Abilene Reporter News, May 21, 1954

Abilene Reporter News

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Location: Abilene, Texas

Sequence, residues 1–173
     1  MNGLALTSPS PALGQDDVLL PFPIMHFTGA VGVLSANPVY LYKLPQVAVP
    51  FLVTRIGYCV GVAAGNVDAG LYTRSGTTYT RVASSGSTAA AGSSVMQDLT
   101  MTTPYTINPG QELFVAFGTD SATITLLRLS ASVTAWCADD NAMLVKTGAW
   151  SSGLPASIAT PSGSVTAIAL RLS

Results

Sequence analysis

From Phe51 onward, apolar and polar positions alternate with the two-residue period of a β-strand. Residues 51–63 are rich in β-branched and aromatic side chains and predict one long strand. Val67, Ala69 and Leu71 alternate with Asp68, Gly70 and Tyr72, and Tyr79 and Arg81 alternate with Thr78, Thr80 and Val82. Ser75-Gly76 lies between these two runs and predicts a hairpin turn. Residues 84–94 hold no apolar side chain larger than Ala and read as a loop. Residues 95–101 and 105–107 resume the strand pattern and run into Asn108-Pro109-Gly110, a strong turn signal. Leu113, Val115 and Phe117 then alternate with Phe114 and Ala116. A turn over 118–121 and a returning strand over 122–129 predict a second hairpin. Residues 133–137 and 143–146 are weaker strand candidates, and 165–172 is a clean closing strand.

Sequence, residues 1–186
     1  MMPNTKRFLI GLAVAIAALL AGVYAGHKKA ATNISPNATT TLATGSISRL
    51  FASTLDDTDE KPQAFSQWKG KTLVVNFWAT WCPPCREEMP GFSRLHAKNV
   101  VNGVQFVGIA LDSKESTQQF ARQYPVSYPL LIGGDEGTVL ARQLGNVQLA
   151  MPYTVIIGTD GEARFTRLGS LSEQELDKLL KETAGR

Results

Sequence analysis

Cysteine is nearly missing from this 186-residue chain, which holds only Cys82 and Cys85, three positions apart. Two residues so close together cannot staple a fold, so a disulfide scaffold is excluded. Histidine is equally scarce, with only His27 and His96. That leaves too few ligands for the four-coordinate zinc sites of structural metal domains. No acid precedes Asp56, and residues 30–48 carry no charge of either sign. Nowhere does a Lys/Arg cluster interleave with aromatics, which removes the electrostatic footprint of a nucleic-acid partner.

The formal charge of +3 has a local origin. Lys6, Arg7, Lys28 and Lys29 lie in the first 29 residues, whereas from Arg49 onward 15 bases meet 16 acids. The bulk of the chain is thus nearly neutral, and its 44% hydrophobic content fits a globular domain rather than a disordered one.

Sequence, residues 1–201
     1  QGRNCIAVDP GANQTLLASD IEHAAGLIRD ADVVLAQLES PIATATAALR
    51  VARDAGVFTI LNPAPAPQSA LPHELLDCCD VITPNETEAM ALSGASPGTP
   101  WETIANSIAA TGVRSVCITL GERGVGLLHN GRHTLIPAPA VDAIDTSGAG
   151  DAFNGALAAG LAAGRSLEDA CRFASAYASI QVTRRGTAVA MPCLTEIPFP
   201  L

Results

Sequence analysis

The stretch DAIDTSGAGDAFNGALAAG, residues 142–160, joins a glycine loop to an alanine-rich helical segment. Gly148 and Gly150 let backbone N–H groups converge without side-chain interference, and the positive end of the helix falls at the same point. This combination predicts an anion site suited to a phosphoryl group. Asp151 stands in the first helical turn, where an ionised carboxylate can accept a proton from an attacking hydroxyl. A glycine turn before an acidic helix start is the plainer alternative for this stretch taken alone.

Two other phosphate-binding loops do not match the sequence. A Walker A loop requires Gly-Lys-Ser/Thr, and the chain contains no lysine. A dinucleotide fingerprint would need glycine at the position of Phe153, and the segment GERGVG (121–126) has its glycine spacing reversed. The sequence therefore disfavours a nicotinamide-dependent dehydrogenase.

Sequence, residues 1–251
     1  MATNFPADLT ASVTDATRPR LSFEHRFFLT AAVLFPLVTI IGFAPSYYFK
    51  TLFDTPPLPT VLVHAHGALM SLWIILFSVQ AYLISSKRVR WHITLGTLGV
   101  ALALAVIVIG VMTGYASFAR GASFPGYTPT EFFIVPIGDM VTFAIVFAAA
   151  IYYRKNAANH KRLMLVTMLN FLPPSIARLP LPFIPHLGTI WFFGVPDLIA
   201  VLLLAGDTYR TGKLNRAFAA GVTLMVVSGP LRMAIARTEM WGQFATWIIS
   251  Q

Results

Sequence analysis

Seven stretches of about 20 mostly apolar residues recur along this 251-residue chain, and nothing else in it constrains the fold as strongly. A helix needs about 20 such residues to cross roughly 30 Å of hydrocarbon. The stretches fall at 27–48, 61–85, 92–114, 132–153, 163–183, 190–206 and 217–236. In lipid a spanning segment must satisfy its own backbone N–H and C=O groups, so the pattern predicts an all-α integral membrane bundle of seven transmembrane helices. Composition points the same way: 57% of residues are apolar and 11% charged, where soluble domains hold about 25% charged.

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Abilene Reporter News (Newspaper) - May 21, 1954, Abilene, Texas MILD"WITHOUT OR WITH OFFENSE TO FRIENDS OR FOES WE S KETCH YOUR WORLD EXACTLY AS IT GOES" Byron !/MDRNmG VOL. LXXIII, NO. 338fr^ Tm XÏÏÏÏÜFTprTEXAS. FRIDAY MORNING. MAY 21, 1954-TWENTY-ElGHT PAGES IN TWO SECTIONS PRICE DAILY 5c, SUNDAY lOc Indo Peace Hopes Raise Af Geneva GENEVA, May 20 uf) ■— Backstage conversations between East and West today raised some hope the Communists were ready to talk business on an Indochina peace. The United States appeared set to write off the nine-party conference here as a failure unless the Reds change their attitude. The Reds reportedly were willing to proceed tomorrow with debate on a military armistice without pressing for recognition at Geneva of "resistance governments" of Laos and Cambodia. French sources said Red Chinese Premier Chou En-lai made known this position in a private talk with British Foreign Secretary Anthony Eden, one of a series of big power huddles during the one-day rece:s in Indochina negotiations. Chou was represented as saying the Communists would not abandon claims for recognition of the resistance movements, but were willing to set aside these claims temporarily to permit the conference to go to work on cease-fire proposals. Western delegations were keeping their fingers crossed, having had previous experience with Communist gestures of seeming concession only to find that the obstacles remained. They awaited renewal of the Indochina negotiations before pinning too much hope on whether the conference would really get down to the business of ending the hostilities. New Zealand Wanis Help 01 British WASHINGTON. May 20 (fW-New Zealand’s foreign minister T. Clifton Webb, said today he can’t “conceive of a satisfactory alliance” to block communism in Southeast Asia without Britain as a member. Webb declined to answer reporters’ questions as to whether New Zealand would join such an alliance if Britain stays out. President Eisenhower said yesterday it might be possible to establish a workable arrangement without British participation, although it might not be as satisfactory as might be desired. "W’e can’t sec Britain not want ing to be in.” Webb told newsmen at the State Department. “You are asking me to speculate on a situation which we don’t believe will arise.” Webb conferred wHh Secretary of State Dulles for nearly an hour on Indochina developments. He also spent half an hour with President Eisenhower, with Dulles and New Zealand Ambassador Leslie Knox Munro sitting in. Webb said the White House call was “purely social.” The external affairs minister said his government wants military staff talks on Indochina to begin soon among representatives of his country, the United States, France, Australia and Britain. Sen. H. Alexander Smith <R-NJ> predicted in an interview that Britain eventually will join any mutual security pact for Southeast Asia. “They haven’t got a Chinaman s chance if they don't join in,” he said. "How would they protect Malaya and Singapore*’” American officials said today that under no circumstances will the United States stop hoping and working for British inclusion in a Southeast Asia security pact. SLIPPERS FOR THE QUEEN . . . little Jean hopes to walk again soon QUEEN FOR A PAY Gifts Galore Cheer Polio-Crippled Girl Rebels (lose On French Della Area HANOI, Indochina, May 20 French planes pounded Vietminh concentrations and convoys only 50 miles from the Red River Delta’s westerrunost defenses today as France’s top generals huddled here on strategy to keep the key bastion from falling to the Communist-led rebels. Maj. Gen. John W. O’Daniel, chief of the U.S. Military Aid Advisory Commission in Indochina, planned to leave Saigon for Manila Saturday for conferences with Defense Secretary Charles E. Wilson. They will take up new aspects of the billion dollar U.S. aid program for Indochina in the face of new Red threats to the delta. O’Daniel was expected to discuss with Wilson also a plan the general favors for American officers to participate in training a Vietnamese national army. Helicopters and small planes continued to fly French wounded from Dien Bien Phu’s pockmarked airstrip. A total of 111 had been airlifted to date, with an additional 100 expected in today's shuttle flights. The French announced the Vietminh may release a total of 753 of the 1,300 to 2,000 French Union wounded at Dien Bien Phu. The 450 casualties the rebels originally agreed to release would be the first removed. The French still hope the Vietminh will permit repair and enlargement of the airstrip to make speedier evacuation of the casualties possible. The air strikes concentrated on rebel units and convoys around Mocchau on provincial Route 41 along the Black River, a tributary of the Red. This area is well within range of French mortars at outposts on the Red River Delta’s western edge. The rebels were moving thousands of troops, artillery, and antiaircraft batteries eastward from Dien Bien Phu toward the delta. Stevens Recalled As Row Witness DEFENSE PACT ASKED Lotins Seek Help Against Commies WASHINGTON, May 20 ff< — Nicaragua raised the possibility today of invoking Western Hemisphere mutual defense and anticommunist pacts against a “well conceived Communist-type plan” in Central America. Nicaraguan Ambassador Guil- By WARREN BURKETT Presents piled high Thursday evening for a little brown-haired girl in Abilene. She was “Queen for a Day,” and her presents made a stack that reached up the footboard on her wheel-chair. For Jean Strickland, 4, it was a "just fine” party, which celebrated her fifth birthday, coming up June 10. The party also honored her spunk and spirit in carrying on her fight against polio. This month, two years ago, gray-eyed Jean was stricken with infantile paralysis. Byrnes Cuts School Funds COLUMBIA. S.C., May 20 Gov. James F. Byrnes today cut off state money for new public school construction contracts. He called a June 10 meeting of the State Educational Finance Commission, in charge of South Carolina’s multimillion • dollar school equalization program, to determine: “1. Whether under the Supreme Court decision (of May 17 outlawing racially segregated schools) the commission can continue making allotments under the existing law, and "2. Whether, even if it has legal authority, it should do so without having further authority from the I.«gislature.” NEWS INDEX It left her unable to walk and confined her to a wheel chair. She has been in Abilene around six months, taking treatments in efforts to cure the effects of the disease. May 31, she and her mother go back to their home in Plain-view where doctors will perform an operation on Jean’s right leg in the hope that it will permit her to walk again. Jean is the daughter of Mr. and Mrs. A. B. Strickland of Plain-view. Her mother is the former Dessie Phillips, daughter of Mrs. V. J. Phillips of 1442 State St. in Abilene, where mother and daughter have been staying. Mrs. Strickland has been working at the Woolworth store here, and a fellow employe, Mrs. Juanita Ellison of 1701 Swenson St., was hostess tor Jean's "Queen for a Day” party. The party was modeled after the television and radio show, and it was Jean who was picked from an "audience” of around 20 women from the store and children to be the “Queen” for the day. She was presented with a pink rosebud corsage, and her cake showed a little girl dressed in blue, seated beneath an umbrella. And there were sandwiches and punch for all. Then came the presents for Jean, whose wheel-chair was no handicap to her agile fingers that lifted the tissue paper from each new “pretty.” Kor did it handicap her little girl’s smiles and laughter, thrilling at being just like any other little girl when it is her time to be “Queen for a Day.” SECTION A Woman's naws.......4-5 Oil naws............. SECTION i Sports..............4-5 E<litoriols .  ........... 4 Comics............... Radio It TV log........IJ Form news............1* Senate Group Okays Lower (osl Housing WASHINGTON, May 20 (J^The Senate Banking Committee voted today to change national housing laws to allow buyers of low-cost homes to borrow down payments from third persons or groups who would act as cosigners on FHA-insured mortgages. "This might prove to be very helpful to distressed and poor people and it should be a great thing in small towns,” Sen. Capehart (R-lnd), chairman of the committee, said. The new provision would be confined to homes costing $6,000 or less, for which the present required down payments are no more than $300. Cosigners of mortgages would be responsible for the full amount of the debt in case of a default. The Banking Committee is meeting behind closed doors to study President Eisenhower’s housing program and proposals made by federal housing officials to put an end to abuses of the present law. lermo Sevilla Sacasa advanced the idea in a formal statement that mentioned among other events an arms shipment from Red Poland to leftist Guatemala which has brought expressions of concern from President Eisenhower, the U.S. State Department, and members of Congress. Chairman Wiley (R-Wis) of the Senate Foreign Relations Committee again called for "immediate consultation” among all the American nations on the arms shipment. Senator Smathers (D-Fla> pro posed in a Senate speech that this country invoke the Monroe Doc trine against the shipment and “Communist infiltration into oth er Latin-American countries.” He, too, recommended "conferences with our neighbors,” on prosperity and development as well as mu tual defense. The doctrine set up by President Monroe warns nations outside this hemisphere against attempts to colonize or extend "their political system” to North or South America. "The countries of Suuth America are looking to us for a position,” Smathers said. “Mere statements of lofty purposes and high! sounding phrases will not do.” I Wiley said that so far as he has heard the cargo of Communist arms Guatemala got from Poland is the “greatest ever to arrive at any port anywhere in the Americas.” Sevilla Sacasa said the shipment-described by other diplomatic informants as including at least 30 carloads of fighting gear and ammunition—is "excessive” for Guatemalan needs and "threatens the peace of Central America " .w-íy-í. McCarthy To Altend Hearings ASKS TALKS ON SEGREGATION —Georgia Attorney General Eugene Cook, above, from Atlanta. Ga., invited attorneys general of states which have mandatory public school segregation laws to convene in Atlanta May 26 to seek legal means of preserving segregation in the public schools. TRIPS TONGUE-TWISTERS Pennsylvania Lad Wins National Spelling Bee Aged Workers Income Okayed WASHINGTON. May 20 (Jv-The security payments for those rnak-WAsmiNUiv . J rnmmit. inc uD to $1.000 3 year. One THE WEATHER House Ways and Means Comim tee today approved President Eisenhower's plan to permit retired workers to earn more income and still keep their social security pay- estimate that more than a million aged workers, other-wise eligible, are barred now from receiving their social security Seeks ^ause of the present re- *^The*plan also would permit millions of workers retiring in the fu-ture to supplement their social security payments with more earned ‘"?heTaw now forbids i^nsi^ payments In any month in which a S^nundir75..™»75or".ore to employment covered by the »y«-tern MW plan aUowi tuli »ociallaide income. ing up to $1.000 a year. One month’s social security check would be lost for each $80 earned aliove $1,000. Thus, for example, a worker could earn $1,800 a year and still draw two months’ social security payments. Under both the present and the proposed new law, per.sons over 75 may draw their social security payments without regard to other earnings. The theory of the restriction is that workers must actually retire from the labor force before drawing social security payments. Many workers have complained, however, Uiat they were unable to live on their soqial security payments and they %eeded more out- r. s. DEPARTMENT OF COMMERCE WEATHER BCREAC ABILENE AND VICINITY - Partly cloudy, continued mild Friday and Saturday. Th« nisht-time low* wiU b« near 65. and day time hl*ha near »6. NORTH CENTRAL    TEXAS:    Partly cloudy with widely    «cattered    tnun- derahowerc Saturday and In aouthweit Friday; warmer north Friday. WEST TEXAS: Partly clouily and mild with widely acattered thunderahoweri Friday and Saturday.    „ _ EAST TEXAS: Fair,    ^ Saturday partly cloudy and mild with widely scattered showers: moderate aoutheast “■'iSt™ "CENTRVI    TEXAS,    P.«l, CloudV and mild through Saturday;    w'ldely scattered ahowere Saturd:*y; moderate to locally fresh east to southeaiW winds on coast. Thurs.-A. M. 64 TEMPERATlREfl Thurs.-P M. 1:» ............ J:30 ............ «1 3:30 ........... »2 4:30 ............ »2 5:30 ............ 82 6:30 ............ M 7:30 ............ Tt 8:30 ............ I* 9:30 ............ 7« 10:3# ........... - 11:30 ........... — fn    .    .    12:90 High ^ iow temperstures foi 34 hours *”HlÄt*a*d Terairratïies sanie date ‘*Siii^*'^iaat“bÄ 7^ prn.    •®* day 5:97 a.m. SunoM tonight ’ N P m-Barometer readiag at 9:30 p m. »1^ Ralativa humidity at 1:30 p m. Id per «•at. 63 63 63 61 63 64 73 7» 78 WASHINGTON. May 20 (4^Wil-liam Cashore, a tall, handsome boy who refused to be flustered by a bevy of tongue - twisters, walked off with the National Spelling Bee Championship today. The 14-year-old honor student from St. Helena’s School, Center Square, Pa., outspelled 56 slightly sensational orthographers and wound up with the $1500 first prize. After it was all over, William admitted that there were "a lot of them I couldn’t spell,” but that, lucky for him, those words went to other contestants. The payoff word was "un-cinated,” which tripped William Kelley, an ll-year-old from eer-ing. Mo. after six hours of rugged spelling. Young Kelley spelled it "un-sinated,” and Cashore, under the rules, was required to tackle it and then spell the next word cor rectly. He whipped right on through "uncinated” and "tran sept.” Afterwards, young Cashore told reporters he had never heard the word, "uncinated,” before but "I guess I guessed right.” He said he was well acquainted with "transept.” Those words, incidentially mean: Uncinated—Hooked, bent at the end like a fishhook. Transept — One of the lateral members or projections between the nave and choir of a cruciform church Kelley wound up with $300 for second prize, while Patricia Brown, 14. Birmingham, Ala., col lected $100 for third prize. She missed “miscible.” spelling it the way you would think it was spelled, “missible.” All the contestants received gome prize money in the 27th annual bee sponsored by the Scripps-Howard newspapers and other American daily and Sunday papers. Cashore also was awarded a trophy and an extra $100 for a trip this weekend to New York, where he will appear on Ed Sullivan's television show. The long day was punctuated with an incredible number of words which it appeared no one except the judges ever had heard before. Jeannie Sargent, 13, of Lowell, Mass., who placed fourth missed out, for instance, on "brachy-graphy” (stenography, or shorthand). All told, five million youngsters competed for the right to appear in the national finals. So you can see, it was quite a feat for young Cashore to win out. To prove that victory did not come easily, these are the words he spelled en route to his triumph: Secretary . . . piccolo ... in cisor . . . barricade . . . accrete . . . bagatelle .    effete leprechaun . . . Pharisaical    .    . heterogeneous . .    enologism    .    .    . littoral . . . empiricism . . . abnegation . . ichthyology ... uncinated . . . transept. Young Kelley, who has a chance to come back next year, was a disappointed young fellow, but he shewed himself to be quite a speller as he waded through this list: : Puncture . . .    incessant    .    .    . assimilate . . . vilify . . . lichen . . . emolument . equestrienne . . . exacerbate . . . insatiety . espalier . peccadillo paradigm sacerdotal. decolletage cincture eleemosynary Costello New ^Irish Chiel In Big Vole DUBLIN, May 20. (i)-Silver haired John A. Costello, Ireland’s Prime Minister from 1948 to 1951, displaced aged, nearly blind Eamon de Valera again tonight as the Irish Republic’s chief of government. Voters in Tuesday’s générai election gave undisputed control of the Dail (Parliament» to a coalition formed and kept together by Costello. a leading Dublin attorney. The voters rejected a bid by de Valera — only surving commandant of the 1916 Easter uprising against the British — to obtain majority for his Fianna Fail (Men of Destiny) party. Finna Fail ran against the field. It was beaten and the 71-year-old New York-Born de Valera was headed out of the post he had held since 1937. except for 1948-51 when Costello was Prime Minister. Three seats in the Parliament will be decided at a special election in Wicklow next week. Final tabulations in Tuesday’s voting gave the parties this representation in the 147-seat Dail: Fianna Fail 64, Independents 5. Coalition Parties:    Fine    Gael (United Ireland) 49, Labor 18, Clann Na Talmhan (Farmers) 5, Clann Na Poblachla (Republicans) 3- Fianna Fail suffered a net loss of only a half dozen seats. The republic’s political forces have been so evenly balanced, however, that this was enough to tip De Valera’s party from power. WASHINGTON. May 20 WMSen. McCarthy (R-Wis) said tonight hi will be on hand Monday when thi Senate Investigations subcommittee resumes its televised hearing on his row with Army officials. "I will be there,” McCarhy aaid. But he added that he could "make no promises” as to other steps hi might take in protest against a presidential secrecy order which, the senator contends, "stacks thi deck” against him. Boycott Hfaited There had been speculation that McCarthy might boycott the hearing in view of President Eisenhower’s refusal to modify an ordef forbidding White House aides and other high officials to testify about a Jan. 21 meeting in which they discussed the Army’s troubles with McCarthy and assistants. McCarthy contends thi* forecloses him in an attempt to inquire into the genesis of Army charges that he and aides brought improper pressure in behalf of favors for Pvt. G. David Schine. Secretary of the Army Stevens has stated that he did n(X act on orders from any higher-ui», but on his own responsibility in bringing the charges. Late today Sen. Mundt (R-SD), acting chairman of the subcommittee, said Stevens would be caUed back to the witness stand Monday and invited to repeat this statement under oath. At the time Mundt talked to reporters, he had received no information from McCarthy as to the latter's plans. Mundt did say the investigators have every expectation the investigation n(7w will be continued with out any lengthy delays such as the one this week. Stevens Recalled It didn’t appear likely McCarthy would pass up this chance to cross-examine Stevens, his chief adversary in the long-standing row over “pressure" and "blackmaH" charges. Mundt said Stevens will be recalled to testify on one matter only—the question of responsibility for the Army’s charge that McCarthy and aides sought by improper means to get favored treatment for a former subcommittee aide. Pvt. G. David Schine. The Army secretary then will be subject to questioning on thi* point, Mundt said. Then the plan is that he will turn the witness chair back to Army Counsel John G. Adams, who occupied it when the hearings recessed three days age. Stevens spent all or part of 14 days on the stand before he was excused for treatment of a virus infection. Mundt said he looked for the Army to wind up its case, and give the McCarthy side its turn, some time next week. He said there was general agreement at today’s subcommittee meeting that the hearings can end in “a week or two weeks.” loiIS RIJSINESS—The National all have serious expressions as they wait their turw. ;